Movements in the post-pandemic

Social isolation during the pandemic.

By: Raúl Zibechi

They toured the continent for months: Mexico, Colombia, Rio de Janeiro, Ecuador, Bolivia, Argentina. In all of them, similar situations are directly observed, which are added to the data that are arriving through other channels. Broadly speaking: disarticulation and degradation of social relations; state, para-state and narco-violence; great difficulty for movements and peoples to construct.

Perhaps this breaking is the way the systemic storm is presented to us, compounded by climate chaos and the collapse of nation-states. It’s not easy to establish a comprehensive narrative, but there are common situations beyond the differences between geographies.

The reasons why our societies are breaking up are diverse, encompassing both the material and the spiritual.

Poverty grows permanently and constantly, a consequence of the voracity of the most concentrated capital that leads the population to unsustainable living situations. Meanwhile, governments only manage poverty with social policies that seek to tame the popular classes and indigenous and black peoples.

The Extraction of natural resources from the global south to produce profits in the global north.

The accumulation by dispossession/fourth world war against the peoples is part of this impoverishing model but, above all, it helps to explain the violence, the forced displacements, the theft of lands and the occupation of territories by the armed gangs that, by doing violence to peoples, favor the plans of capital.

Drug trafficking is one of the forms that the collapse of the system assumes, but we must be clear that it is used by the powerful against any organized movement, as the experiences of Colombia and Mexico teach. Drug trafficking was not directly created by capital and the states, but once it emerged, they have learned to direct it against our organizations.

The progressive governments that managed all the countries I am visiting and now do so in Colombia, accelerated the decline by deepening extractivism but, at the same time, by disorganizing the movements. They did this in a double way: appropriating the discourse and its ways of doing things, while launching armed gangs against the very peoples and social sectors that they intend to soften with social policies.

Both policies are complementary and are intended to facilitate the entry of speculative capital into the territories of the peoples, to convert life into merchandise.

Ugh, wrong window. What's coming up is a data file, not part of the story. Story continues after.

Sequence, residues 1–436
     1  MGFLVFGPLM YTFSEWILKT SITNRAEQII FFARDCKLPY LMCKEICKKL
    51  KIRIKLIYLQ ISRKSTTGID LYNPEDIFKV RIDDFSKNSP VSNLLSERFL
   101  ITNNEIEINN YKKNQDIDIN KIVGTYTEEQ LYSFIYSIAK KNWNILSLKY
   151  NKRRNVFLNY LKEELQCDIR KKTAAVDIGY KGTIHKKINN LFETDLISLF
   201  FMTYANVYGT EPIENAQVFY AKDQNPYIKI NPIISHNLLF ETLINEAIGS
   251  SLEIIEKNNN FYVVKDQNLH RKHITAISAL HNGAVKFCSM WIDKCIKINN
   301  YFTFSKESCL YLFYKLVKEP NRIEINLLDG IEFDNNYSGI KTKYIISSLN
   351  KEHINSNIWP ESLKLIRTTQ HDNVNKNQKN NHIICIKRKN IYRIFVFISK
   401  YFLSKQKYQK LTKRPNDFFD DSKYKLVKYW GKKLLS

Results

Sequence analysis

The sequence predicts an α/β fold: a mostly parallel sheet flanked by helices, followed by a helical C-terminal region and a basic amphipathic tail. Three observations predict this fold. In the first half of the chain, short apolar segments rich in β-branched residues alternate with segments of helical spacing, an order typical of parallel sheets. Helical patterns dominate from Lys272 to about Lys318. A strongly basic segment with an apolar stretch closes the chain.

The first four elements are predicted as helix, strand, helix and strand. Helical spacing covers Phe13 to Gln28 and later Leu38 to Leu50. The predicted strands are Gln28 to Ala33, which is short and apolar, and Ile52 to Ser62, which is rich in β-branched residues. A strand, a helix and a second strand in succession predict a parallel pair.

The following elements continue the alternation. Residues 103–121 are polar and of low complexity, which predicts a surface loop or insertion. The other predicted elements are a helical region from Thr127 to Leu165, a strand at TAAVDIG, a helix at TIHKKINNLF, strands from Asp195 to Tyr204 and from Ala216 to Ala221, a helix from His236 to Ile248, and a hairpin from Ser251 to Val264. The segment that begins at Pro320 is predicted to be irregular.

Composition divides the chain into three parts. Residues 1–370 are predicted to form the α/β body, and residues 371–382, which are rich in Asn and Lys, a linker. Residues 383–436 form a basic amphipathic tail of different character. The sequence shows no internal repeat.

The decomposition phase of our societies, links between below and entire peoples, is entering an acute phase by impacting even rural communities that previously seemed almost immune to these destructive and violent modes of capital and states, which work side by side to meet those goals. We are facing structural and systemic characteristics of capitalism, not specific deviations.

To the extent that we are facing relatively recent processes, the peoples and social sectors have not yet found ways to stop and reverse the destruction. At this point some considerations.

Zapatista women defend their communities with sticks, not guns.

The first is to note the gravity of the situation, the high degree of decomposition not only of the organizations, but of the social bases in which they are referenced and rooted. Because the panorama can be summed up this way in almost all regions: societies and communities in decay and organizations threatened or co-opted by the system. Both facts are enormously destructive.

The reflection on the ways to remain what we are: peoples and social sectors that resist and build. The EZLN has adopted peaceful civil resistance to confront the armed gangs and to continue building the new world. It is a very difficult path, which requires will and discipline, perseverance and ability to face violence and crimes without falling into individualistic attitudes.

I believe that the ways adopted by Zapatismo, undoubtedly consulted and decided by the support bases, can serve as a reference throughout Latin America, because we face similar problems and because we must draw conclusions from the wars decided by the vanguards, which cost the lives of hundreds of thousands of people from the native peoples, blacks, campesinos and popular sectors.

Not repeating errors is wisdom. In various interventions, the EZLN has placed as examples the wars in Guatemala and El Salvador. In them, and this is my own [opinion], the attitude of the vanguards did not benefit the peoples, who paid for decisions they had not made with thousands of dead, and then entered into “peace processes” without consulting them, but saving the interests of the leaders and cadres.

I understand that those of us below owe ourselves, in these difficult moments, an in-depth debate on the ways of confronting the war from above. Without giving up or selling out, but taking paths that allow us to avoid war and to continue constructing without falling into provocations.

We invite you yo join us on Saturday, August 20 for a discussion of the social decomposition in Chiapas.

For details and links to the Saturday discussion in the above flyer:

Originally Published in Spanish by La Jornada, Friday, August 12, 2022, and Re-Published with English interpretation by the Chiapas Support Committee

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